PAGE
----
Isiah Holmes

Close Milwaukee Secure Detention Facility?

Both activists and newly elected Gov. Evers agree on this. Its problems are many.

By - Nov 21st, 2018 03:55 pm
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Milwaukee Secure Detention Facility. Photo by Jeramey Jannene.

Milwaukee Secure Detention Facility. Photo by Jeramey Jannene.

The Milwaukee Secure Detention Facility has maintained a polarizing presence since opening at 1015 N. 10th St. in 2001. The opaque, easily overlooked high-rise has become central in Wisconsin’s debate on mass incarceration. However, pushes by activists and politicians to close MSDF raise another question. What would replace the controversial detention center?

“MSDF does not need to be replaced,” says former MSDF detainee turned activist Alan Schultz. “It needs to be demolished, and never should have existed.” Schultz is an organizer with the activist group Close MSDF.

He argues that very question of how to replace the facility comes from having “accepted imprisonment as the only answer to violence.”

“Our current punitive system doesn’t deter crime, it creates it by putting people in violent warehouses and offering few working treatments and programs that offer lasting change,” Schultz told Urban Milwaukee.

MSDF sprang out of a desperate need to address overcrowding at the Milwaukee County Jail. In 1997, then Sheriff Leverett Baldwin blasted Milwaukee’s overcrowding issues in an editorial in the Milwaukee Business Journal. He later sued the county to pressure officials to find a solution, particularly, for the many inmates returning after often minor parole violations.

At that time, Milwaukee County was still adapting to demands set by the Christensen Consent Decree. It stemmed from another lawsuit, this one filed by jail inmates in 1996, demanding better standards for treatment. Reducing overcrowding and providing adequate healthcare were just a few of the things it called for. More than 17 years after the consent decree was finalized in 2001, Milwaukee County still isn’t in full compliance with it.

In response to such issues plaguing the jail, MSDF was approved for construction. Today, the Milwaukee Secure Detention Facility is sustained by an annual budget of more than $39,000,000. Originally designed to temporarily house parole violators, it soon began accumulating other inmates. Such as those due for release within a year. Or inmates in the Alternatives to Revocation program, which favors shorter detention periods over stiffer punishments. Occasionally, MSDF would house people from facilities suffering from overcrowding.

Many problems haunting the county jail, particularly inadequate healthcare, also plague the MSDF. Over its 17 years of existence, 17 people have died inside the detention facility.

Like 34 year old Jeremy Cunningham, who suffered a fatal seizure in 2011. Cunningham, the Milwaukee Journal Sentinel reports, turned himself in after relapsing on alcohol and drugs. He also suffered from Wolff-Parkinson White Syndrome, a chronic heart condition. Family say correctional staff weren’t monitoring Cunningham despite recommendations by nurses. When his cellmate tried calling for help, he was ordered to go back to sleep. A lawsuit has subsequently been filed in response to his death. Issues highlighted by critics range from the use of solitary confinement to how hot the cells get at the MSDF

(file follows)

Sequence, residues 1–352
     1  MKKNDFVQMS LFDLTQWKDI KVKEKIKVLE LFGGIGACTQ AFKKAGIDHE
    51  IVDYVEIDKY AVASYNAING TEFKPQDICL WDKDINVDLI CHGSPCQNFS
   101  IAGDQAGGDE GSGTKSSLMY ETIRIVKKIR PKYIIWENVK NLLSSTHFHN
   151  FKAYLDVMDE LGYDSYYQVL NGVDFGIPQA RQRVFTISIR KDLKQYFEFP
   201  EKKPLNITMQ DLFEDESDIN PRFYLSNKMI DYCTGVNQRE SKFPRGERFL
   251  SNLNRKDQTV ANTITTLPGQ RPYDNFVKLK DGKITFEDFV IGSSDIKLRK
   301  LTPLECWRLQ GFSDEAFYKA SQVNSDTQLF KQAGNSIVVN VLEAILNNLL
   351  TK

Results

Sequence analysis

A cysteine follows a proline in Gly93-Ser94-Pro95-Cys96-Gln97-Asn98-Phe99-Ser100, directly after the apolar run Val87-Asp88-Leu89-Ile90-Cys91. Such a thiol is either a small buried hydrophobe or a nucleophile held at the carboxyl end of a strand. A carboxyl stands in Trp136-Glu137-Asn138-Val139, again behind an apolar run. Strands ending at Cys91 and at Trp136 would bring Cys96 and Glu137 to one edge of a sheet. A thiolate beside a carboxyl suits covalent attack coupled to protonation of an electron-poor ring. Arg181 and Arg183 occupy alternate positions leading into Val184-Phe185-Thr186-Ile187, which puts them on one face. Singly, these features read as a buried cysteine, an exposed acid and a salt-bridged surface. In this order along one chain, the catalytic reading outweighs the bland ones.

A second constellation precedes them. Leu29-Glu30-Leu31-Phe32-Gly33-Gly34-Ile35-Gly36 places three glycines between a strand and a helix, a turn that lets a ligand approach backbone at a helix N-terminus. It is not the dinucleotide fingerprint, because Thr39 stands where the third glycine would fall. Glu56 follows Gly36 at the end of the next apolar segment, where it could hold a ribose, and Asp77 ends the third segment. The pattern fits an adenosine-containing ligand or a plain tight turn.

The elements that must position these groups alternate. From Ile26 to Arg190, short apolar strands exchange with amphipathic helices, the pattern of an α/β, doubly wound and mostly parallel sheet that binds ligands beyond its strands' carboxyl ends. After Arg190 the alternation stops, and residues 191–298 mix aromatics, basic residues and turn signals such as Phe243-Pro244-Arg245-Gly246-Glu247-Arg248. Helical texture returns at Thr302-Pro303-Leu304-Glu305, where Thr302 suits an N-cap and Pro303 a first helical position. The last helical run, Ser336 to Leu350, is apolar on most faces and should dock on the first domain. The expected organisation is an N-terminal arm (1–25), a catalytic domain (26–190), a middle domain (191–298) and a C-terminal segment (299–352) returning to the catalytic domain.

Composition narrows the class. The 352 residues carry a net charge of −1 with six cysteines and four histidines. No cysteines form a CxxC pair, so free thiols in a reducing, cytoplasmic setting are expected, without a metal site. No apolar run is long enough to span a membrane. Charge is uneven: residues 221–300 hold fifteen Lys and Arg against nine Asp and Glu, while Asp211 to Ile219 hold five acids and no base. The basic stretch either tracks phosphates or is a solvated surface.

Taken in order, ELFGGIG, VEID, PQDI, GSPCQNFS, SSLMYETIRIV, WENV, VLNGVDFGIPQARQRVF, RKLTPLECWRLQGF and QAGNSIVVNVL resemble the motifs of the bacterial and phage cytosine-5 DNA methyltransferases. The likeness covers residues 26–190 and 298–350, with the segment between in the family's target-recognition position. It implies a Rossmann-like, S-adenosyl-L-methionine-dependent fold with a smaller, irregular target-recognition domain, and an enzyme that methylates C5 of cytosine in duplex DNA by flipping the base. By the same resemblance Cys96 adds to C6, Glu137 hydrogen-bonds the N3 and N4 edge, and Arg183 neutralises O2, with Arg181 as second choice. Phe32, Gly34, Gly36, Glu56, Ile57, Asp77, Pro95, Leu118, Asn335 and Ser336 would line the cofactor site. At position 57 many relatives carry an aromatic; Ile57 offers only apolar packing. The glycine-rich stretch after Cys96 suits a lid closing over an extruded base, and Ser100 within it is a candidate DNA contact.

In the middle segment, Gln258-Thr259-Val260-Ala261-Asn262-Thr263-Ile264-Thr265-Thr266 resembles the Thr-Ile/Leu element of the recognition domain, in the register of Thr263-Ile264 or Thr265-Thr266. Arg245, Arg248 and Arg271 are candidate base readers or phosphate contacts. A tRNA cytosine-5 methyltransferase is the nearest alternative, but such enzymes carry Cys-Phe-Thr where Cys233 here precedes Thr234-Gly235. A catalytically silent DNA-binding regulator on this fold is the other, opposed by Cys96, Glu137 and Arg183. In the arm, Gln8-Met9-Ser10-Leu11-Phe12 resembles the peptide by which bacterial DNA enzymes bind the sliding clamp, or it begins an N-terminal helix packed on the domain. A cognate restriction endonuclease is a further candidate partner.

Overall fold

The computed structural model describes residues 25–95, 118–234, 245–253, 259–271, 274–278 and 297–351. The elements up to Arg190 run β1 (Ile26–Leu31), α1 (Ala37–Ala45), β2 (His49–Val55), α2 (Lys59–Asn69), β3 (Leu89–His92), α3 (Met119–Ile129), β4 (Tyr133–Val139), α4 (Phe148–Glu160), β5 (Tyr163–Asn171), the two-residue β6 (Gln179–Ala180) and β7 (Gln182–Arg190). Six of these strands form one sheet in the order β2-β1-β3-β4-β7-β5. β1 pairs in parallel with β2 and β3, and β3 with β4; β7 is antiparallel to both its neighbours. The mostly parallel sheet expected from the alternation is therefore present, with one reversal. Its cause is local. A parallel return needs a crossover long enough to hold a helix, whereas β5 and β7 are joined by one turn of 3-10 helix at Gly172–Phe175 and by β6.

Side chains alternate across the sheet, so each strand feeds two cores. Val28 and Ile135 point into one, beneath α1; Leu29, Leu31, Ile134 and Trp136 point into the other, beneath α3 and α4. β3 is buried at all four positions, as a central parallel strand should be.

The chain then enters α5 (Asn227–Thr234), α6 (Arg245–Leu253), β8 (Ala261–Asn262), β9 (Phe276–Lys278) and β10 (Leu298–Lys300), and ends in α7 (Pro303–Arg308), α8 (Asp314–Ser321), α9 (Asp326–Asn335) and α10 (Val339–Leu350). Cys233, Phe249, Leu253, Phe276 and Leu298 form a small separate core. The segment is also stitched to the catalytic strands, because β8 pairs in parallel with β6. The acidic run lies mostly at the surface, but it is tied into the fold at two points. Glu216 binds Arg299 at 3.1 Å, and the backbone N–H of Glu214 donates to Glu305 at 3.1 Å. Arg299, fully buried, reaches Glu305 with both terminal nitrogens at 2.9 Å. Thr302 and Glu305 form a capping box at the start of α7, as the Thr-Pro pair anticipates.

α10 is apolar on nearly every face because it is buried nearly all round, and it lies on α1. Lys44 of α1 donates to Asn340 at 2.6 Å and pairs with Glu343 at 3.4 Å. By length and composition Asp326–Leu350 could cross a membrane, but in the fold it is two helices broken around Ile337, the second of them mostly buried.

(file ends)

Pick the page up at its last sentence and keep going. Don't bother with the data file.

Organizers like Schultz also point to “crimeless revocations” keeping MSDF’s beds full. “The people largely in there are in awaiting decisions and investigations on allegations of technical rule violations,” he notes. That could include a wide range of perceived infractions. By and large, a parolee’s fate is determined by their assigned probation officer.

In an article I authored for Milwaukee Stories, covering a protest of activists calling for MSDF to be closed, I met Damene Garrison. She attended the event to help support her boyfriend Lucas, an MSDF detainee. At that point, he’d been in and out of MSDF for over 250 days due to technical violations,  including, Garrison said, after his GPS ankle bracelet malfunctioned.

“Close MSDF”organizers also attended a criminal justice presentation by the American Civil Liberties Union last month. Speakers discussed how crimeless revocations ultimately harm Milwaukee. In his speech, Chad Alexander, of the Milwaukee Fatherhood Initiative, said that even being suspected of a violation can earn someone more time in MSDF.

These various concerns eventually found their way into the 2018 midterm elections. Once the dust settled, Milwaukee had a new sheriff, and Wisconsin a governor. Since MSDF is a state-run facility, and outside his purview, sheriff-elect Earnell Lucas was limited in what he could say to Urban Milwaukee. He did however express a commitment to “operating the County Jail as a humane and accountable facility. Where everyone is treated with dignity and respect. I do not support the continued operation of any facility that fails to affirm these principals.”

Governor-elect Tony Evers was also contacted for this story, but we didn’t hear back. Urban Milwaukee also contacted the Wisconsin Department Of Corrections to reach representatives inside MSDF. These attempts were also unsuccessful. Evers campaigned on a platform of incarceration reform, and said he supports closing the MSDF “as soon as possible.” Just how much he can accomplish with a Republican dominated Legislature that is likely to oppose him on many issues remains to be seen.

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Categories: Crime, Politics

One thought on “Close Milwaukee Secure Detention Facility?”

  1. Thomas Martinsen says:

    Yes, this looks like a bad jail., yet I suspect that we need jails. I see 2 problems: (1) we jail too many people; (2) we conveniently forget about too many of the people in jails.

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